Moreover, when it comes to forgetting information, one should outline that this phenomenon is natural for people and tends to make their perception of life easier. Thus, people are free to deliberately choose the information or triggers that affect their cognitive functioning and erase it by minimizing the retrieval cues. Sometimes, however, the information could be so deeply integrated into one’s mind that even the most desperate attempts to get rid of it result in failure. Computers, on the other hand, do not have the ability to eliminate their memories unless they are programmed to do so. For this reason, random access memory sometimes becomes so full it cannot operate properly and as fast as previously. In this scenario, the comparison of human and computer memory also loses its relevance.
The final argument frequently used when contrasting human, and machine memory is its capacity. There is a common misconception that human memory is limited in terms of capacity and information volume it could possibly store. However, when choosing between computers and humans, it is the former that is limited in storage. Human memory capacity, in its turn, is highly correlated with the amount of information it receives and processes during the day, becoming smaller or bigger, respectively (Cowan, 2008). For example, one of the studies demonstrates that better sleeping patterns account for one’s increased memory capacity, which means that there are various social and physical cues that expand human abilities to memorize information (Phan et al., 2019). Hence, it may be concluded that comparison of human and computer memory undermines the extent to which people should embrace their abilities because they are focused on the limitations instead of training their elastic memory capacity.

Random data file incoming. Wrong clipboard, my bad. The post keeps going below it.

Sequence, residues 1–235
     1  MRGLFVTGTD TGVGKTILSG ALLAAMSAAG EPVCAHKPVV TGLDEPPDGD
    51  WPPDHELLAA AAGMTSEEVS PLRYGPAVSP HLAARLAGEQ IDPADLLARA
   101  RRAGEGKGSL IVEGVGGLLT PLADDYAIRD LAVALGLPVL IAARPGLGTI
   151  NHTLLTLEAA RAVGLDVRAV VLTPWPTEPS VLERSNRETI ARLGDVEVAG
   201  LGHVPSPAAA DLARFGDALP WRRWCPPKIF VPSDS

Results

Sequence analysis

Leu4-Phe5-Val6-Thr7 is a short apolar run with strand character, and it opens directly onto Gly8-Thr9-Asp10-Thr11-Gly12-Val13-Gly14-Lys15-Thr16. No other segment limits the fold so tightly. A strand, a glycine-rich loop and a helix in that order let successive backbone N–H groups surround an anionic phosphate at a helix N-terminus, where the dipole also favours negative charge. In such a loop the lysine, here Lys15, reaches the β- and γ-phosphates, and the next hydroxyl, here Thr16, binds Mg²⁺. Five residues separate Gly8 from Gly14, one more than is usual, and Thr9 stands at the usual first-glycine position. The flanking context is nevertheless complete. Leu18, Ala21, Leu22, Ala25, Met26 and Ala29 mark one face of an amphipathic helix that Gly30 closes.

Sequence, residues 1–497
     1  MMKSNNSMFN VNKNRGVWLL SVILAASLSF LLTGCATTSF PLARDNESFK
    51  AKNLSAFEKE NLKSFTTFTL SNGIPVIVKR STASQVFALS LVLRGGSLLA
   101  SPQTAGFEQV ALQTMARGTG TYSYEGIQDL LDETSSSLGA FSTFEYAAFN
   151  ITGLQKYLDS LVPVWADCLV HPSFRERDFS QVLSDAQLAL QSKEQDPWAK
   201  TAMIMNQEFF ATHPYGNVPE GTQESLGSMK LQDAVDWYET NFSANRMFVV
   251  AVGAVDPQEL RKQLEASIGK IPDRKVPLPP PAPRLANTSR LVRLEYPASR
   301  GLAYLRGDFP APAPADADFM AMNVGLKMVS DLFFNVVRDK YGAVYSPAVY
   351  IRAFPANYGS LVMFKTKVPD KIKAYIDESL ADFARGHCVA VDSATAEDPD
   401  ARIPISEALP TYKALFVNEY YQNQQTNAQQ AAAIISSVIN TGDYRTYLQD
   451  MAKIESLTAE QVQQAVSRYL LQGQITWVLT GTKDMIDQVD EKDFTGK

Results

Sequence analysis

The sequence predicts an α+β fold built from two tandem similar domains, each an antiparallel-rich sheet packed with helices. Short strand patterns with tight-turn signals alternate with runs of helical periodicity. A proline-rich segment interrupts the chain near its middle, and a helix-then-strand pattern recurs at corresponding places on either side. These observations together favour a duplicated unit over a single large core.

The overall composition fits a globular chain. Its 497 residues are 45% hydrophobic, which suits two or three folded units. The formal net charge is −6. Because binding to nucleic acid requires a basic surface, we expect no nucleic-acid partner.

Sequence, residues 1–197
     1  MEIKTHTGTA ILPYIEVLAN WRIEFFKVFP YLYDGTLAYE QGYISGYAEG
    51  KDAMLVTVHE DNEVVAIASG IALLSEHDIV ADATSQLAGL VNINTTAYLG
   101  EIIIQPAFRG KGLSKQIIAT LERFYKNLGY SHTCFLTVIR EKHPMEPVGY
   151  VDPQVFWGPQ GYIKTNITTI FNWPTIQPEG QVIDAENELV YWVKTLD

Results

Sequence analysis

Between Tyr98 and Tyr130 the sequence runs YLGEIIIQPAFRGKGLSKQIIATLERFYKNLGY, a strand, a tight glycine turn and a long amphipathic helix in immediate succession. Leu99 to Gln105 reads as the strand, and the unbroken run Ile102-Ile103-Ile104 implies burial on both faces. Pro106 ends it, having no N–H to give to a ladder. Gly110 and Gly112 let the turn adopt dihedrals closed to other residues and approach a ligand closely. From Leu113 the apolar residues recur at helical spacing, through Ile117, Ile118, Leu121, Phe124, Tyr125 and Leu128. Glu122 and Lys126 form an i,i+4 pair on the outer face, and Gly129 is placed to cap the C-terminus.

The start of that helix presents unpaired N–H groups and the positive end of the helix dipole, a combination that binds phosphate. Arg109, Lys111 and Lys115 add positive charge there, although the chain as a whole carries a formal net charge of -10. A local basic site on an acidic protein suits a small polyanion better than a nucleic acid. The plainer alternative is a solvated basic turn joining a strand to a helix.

The tendency to compare the abilities of human and machine memory has now become a controversial topic due to a number of existing perspectives on the issue. Thus, in terms of the present paper, an attempt was made to define the appropriateness of such a contrast through the examination of the memory typology, forgetting, and capacity. The results of the discussion support the assumption that the process of comparing these two seemingly identical yet extremely different memory kinds undermines people’s acknowledgment of the true capabilities of their brain and memory.
Baddeley, A. (2019). Essentials of human memory (classic edition). Psychology Press.
Biswas-Diener, R., & Diener, E. (Eds.). (2016). Introduction to psychology: The full Noba collection. Noba.
Cowan N. (2008). What are the differences between long-term, short-term, and working memory? Progress in Brain Research, 169, 323–338. Web.
Phan, D. V., Chan, C. L., Pan, R. H., Yang, N. P., Hsu, H. C., Ting, H. W., Lai, K. R., & Lin, K. B. (2019). Investigating the effect of daily sleep on memory capacity in college students. Technology and Health Care, 27(2), 183-194.